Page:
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Out of the Blue

Happy tax day, as today is the deadline for filing income taxes here in the U.S.A. Hopefully everyone who is facing this has all the paperwork in order, my heart goes out to anyone still struggling with those taxing forms. Today is also the anniversary of the sinking of the RMS Titanic. That was 107 years ago, so we can probably call off the search party for Jack (spoiler alert!).

Taxing Links: Thanks Ant.
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There Are Fungi All Over the Space Station, and Now We Know What They Are.
Media: Jump Jump!
Burglary In Progress. SWATed!
Fed Ex driver does a drive by shooting.

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26. Re: Out of the Blue Apr 16, 2019, 20:02 jdreyer
 
Kxmode wrote on Apr 16, 2019, 16:14:
Mr. Tact wrote on Apr 16, 2019, 09:11:
jdreyer wrote on Apr 16, 2019, 04:59:
Here's my proposal. Here's the Fed income tax, no loopholes or exemptions.

$0 - 25K: . . No Federal Tax
$25K - 50K: . 5%
$50K - 100K:. 10%
$100K - $1M:. 25%
$1M - $10T: . 50%

The one exemption I'd allow would be dependent: $10K per dependent child up to two. After that, 0. $10K per disabled dependent (wife, mother, etc. that you claim).

Also, let's get rid of the $100K limit on the payroll tax for SS. That would go a long way in making SS solvent.
I would vote for that.

There's no way a person making $1M+ would give up half their income to a flat tax (or any tax for that matter) and would likely result in their leaving and the government not getting anything. 20-25% of $1M+ is a lot of money, but it is also a fair share percentage for high-income earners. Beyond the math, there are also psychological factors for why the portion should be 20-25% (for example, the sage advice that mortgages should be no more than 25% of their income). Anything more than that creates a risk.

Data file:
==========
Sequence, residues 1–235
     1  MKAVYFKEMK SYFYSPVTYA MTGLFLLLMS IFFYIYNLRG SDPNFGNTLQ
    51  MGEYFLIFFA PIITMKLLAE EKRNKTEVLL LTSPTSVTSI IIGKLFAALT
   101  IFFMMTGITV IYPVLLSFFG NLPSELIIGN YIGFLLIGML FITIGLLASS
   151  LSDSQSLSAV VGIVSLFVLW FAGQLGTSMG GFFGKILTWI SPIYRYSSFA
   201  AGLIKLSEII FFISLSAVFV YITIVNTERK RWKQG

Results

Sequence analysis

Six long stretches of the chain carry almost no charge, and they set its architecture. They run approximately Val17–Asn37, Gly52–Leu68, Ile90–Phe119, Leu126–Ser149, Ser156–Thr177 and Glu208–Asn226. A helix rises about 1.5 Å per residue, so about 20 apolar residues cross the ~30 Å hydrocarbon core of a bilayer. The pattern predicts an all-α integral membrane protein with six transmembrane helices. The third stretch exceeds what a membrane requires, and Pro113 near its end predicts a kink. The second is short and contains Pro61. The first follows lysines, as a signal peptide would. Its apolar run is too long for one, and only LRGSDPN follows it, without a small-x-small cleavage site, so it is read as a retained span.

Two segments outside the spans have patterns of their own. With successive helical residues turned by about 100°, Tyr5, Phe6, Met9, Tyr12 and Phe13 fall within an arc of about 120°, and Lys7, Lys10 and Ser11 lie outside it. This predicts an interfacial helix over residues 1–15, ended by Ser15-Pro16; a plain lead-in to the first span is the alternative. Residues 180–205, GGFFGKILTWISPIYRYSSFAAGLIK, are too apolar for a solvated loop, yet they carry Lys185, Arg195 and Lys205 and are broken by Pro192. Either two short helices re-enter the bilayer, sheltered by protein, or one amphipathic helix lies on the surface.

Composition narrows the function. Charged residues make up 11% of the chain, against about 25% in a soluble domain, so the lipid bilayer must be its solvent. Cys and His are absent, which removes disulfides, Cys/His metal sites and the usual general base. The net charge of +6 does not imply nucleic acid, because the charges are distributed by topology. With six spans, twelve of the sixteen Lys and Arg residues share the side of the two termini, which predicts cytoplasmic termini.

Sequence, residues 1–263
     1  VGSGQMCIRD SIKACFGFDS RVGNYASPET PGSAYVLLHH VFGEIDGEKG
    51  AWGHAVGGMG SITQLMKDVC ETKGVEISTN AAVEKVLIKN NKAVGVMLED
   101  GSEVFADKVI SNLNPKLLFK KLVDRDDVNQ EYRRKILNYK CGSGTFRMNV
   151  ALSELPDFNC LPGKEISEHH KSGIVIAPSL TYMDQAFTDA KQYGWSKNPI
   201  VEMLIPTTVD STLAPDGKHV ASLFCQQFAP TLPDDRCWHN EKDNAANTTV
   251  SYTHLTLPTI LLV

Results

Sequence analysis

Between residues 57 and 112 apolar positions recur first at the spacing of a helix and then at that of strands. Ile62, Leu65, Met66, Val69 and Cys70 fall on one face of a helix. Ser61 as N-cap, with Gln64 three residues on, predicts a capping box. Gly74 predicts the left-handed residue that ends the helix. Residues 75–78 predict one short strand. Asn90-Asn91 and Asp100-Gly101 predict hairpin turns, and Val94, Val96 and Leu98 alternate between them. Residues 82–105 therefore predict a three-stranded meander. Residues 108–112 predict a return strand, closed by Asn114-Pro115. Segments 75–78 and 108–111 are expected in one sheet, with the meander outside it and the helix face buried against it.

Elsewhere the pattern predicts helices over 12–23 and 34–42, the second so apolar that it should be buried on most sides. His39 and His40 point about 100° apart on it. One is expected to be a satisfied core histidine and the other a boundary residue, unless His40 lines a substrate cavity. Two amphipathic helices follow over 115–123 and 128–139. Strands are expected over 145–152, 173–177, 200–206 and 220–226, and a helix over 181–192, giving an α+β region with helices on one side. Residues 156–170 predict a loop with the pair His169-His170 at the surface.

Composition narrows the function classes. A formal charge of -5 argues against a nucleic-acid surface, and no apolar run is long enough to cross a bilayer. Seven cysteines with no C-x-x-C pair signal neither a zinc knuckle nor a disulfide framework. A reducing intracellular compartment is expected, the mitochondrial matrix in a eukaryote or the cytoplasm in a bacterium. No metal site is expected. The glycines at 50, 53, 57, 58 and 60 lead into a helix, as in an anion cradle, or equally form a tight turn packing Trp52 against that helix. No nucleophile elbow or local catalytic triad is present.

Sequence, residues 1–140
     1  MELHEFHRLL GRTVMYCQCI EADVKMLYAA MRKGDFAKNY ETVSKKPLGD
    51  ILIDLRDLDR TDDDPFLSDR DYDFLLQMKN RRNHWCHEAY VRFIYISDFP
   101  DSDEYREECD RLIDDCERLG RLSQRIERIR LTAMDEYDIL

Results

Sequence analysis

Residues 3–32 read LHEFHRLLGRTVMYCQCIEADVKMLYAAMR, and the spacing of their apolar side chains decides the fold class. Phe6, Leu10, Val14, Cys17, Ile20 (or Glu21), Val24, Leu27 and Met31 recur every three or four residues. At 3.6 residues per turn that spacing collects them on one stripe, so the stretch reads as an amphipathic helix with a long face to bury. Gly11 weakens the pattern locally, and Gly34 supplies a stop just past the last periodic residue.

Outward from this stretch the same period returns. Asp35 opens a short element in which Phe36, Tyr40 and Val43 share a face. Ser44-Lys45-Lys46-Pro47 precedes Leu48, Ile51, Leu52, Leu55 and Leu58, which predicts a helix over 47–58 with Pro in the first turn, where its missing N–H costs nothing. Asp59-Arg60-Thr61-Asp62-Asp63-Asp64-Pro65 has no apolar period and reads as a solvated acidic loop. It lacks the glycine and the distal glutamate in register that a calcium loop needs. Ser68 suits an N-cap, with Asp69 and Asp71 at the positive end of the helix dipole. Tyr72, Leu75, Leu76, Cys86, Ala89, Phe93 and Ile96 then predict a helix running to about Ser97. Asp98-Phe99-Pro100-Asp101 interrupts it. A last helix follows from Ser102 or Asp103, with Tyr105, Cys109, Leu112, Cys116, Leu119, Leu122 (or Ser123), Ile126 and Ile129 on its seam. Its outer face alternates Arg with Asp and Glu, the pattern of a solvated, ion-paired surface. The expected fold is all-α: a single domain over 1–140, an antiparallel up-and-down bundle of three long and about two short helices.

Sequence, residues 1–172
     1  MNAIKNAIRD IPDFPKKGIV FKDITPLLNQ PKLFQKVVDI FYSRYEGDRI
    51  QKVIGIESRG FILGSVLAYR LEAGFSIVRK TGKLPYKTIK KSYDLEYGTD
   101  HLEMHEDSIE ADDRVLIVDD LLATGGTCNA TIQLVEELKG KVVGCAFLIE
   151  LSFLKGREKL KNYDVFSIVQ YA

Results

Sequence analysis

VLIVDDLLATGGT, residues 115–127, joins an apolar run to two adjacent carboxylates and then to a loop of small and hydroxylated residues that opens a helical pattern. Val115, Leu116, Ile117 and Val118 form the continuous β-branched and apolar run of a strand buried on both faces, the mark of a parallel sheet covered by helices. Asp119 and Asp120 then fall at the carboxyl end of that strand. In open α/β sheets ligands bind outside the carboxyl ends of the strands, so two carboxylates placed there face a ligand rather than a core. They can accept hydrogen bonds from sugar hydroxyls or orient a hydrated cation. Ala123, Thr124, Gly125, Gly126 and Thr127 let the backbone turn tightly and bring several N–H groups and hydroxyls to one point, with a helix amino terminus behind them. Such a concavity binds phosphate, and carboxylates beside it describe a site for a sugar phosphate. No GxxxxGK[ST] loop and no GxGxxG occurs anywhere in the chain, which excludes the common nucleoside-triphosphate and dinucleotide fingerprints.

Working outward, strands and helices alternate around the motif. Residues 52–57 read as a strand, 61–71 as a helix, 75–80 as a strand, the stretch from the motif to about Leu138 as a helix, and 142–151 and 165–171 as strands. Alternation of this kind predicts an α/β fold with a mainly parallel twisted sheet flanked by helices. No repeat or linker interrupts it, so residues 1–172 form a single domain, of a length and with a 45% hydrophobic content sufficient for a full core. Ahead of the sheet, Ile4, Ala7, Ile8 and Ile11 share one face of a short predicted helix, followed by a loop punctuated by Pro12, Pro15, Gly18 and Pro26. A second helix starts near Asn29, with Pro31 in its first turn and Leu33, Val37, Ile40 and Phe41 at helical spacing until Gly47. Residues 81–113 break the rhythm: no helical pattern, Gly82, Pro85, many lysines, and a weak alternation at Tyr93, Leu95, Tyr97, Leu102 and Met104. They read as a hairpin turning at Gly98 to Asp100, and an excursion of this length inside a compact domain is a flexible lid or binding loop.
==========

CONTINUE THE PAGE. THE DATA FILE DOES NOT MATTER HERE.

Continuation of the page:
Further, the example jdreyer cites isn't strictly speaking fair-share. The more money someone makes, the more they pay. Nevermind the fact that mathematically speaking 20-25% on $1M+ is already significantly higher than 20-25% on $25K, $65K, or $200K. The percentages must be leveled; otherwise, it cannot be called a flat-tax.

You're not reading my proposal right. These are marginal rates. Nobody pays taxes on the first 25K they earn. The next 25K someone earns is taxed at 5%, etc. This means if your salary is $100K, you're paying $6250 in taxes. 200K pays about 31K. 1M pays about 231K, or 23.1%, right in your ballpark. Someone earning 2M pays 23% on that first mil, and 50% on the second. That person still has more than 1.25M to play around with.

Taxing high salaries at a high rate has other benefits, like disincentivizing super high C level salaries which can damage businesses.

One place I would like to see a "flat tax" is for things like fines. If running a stop sign (which Mercedes drivers do around 40% of the time) cost 1% of your annual compensation, the law would be a lot more equitable. Would also be funny to see police pull over expensive cars, which they don't do now, knowing it's a waste of time.
 
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25. Re: Out of the Blue Apr 16, 2019, 16:14 Kxmode
 
Mr. Tact wrote on Apr 16, 2019, 09:11:
jdreyer wrote on Apr 16, 2019, 04:59:
Here's my proposal. Here's the Fed income tax, no loopholes or exemptions.

$0 - 25K: . . No Federal Tax
$25K - 50K: . 5%
$50K - 100K:. 10%
$100K - $1M:. 25%
$1M - $10T: . 50%

The one exemption I'd allow would be dependent: $10K per dependent child up to two. After that, 0. $10K per disabled dependent (wife, mother, etc. that you claim).

Also, let's get rid of the $100K limit on the payroll tax for SS. That would go a long way in making SS solvent.
I would vote for that.

There's no way a person making $1M+ would give up half their income to a flat tax (or any tax for that matter) and would likely result in their leaving and the government not getting anything. 20-25% of $1M+ is a lot of money, but it is also a fair share percentage for high-income earners. Beyond the math, there are also psychological factors for why the portion should be 20-25% (for example, the sage advice that mortgages should be no more than 25% of their income). Anything more than that creates a risk.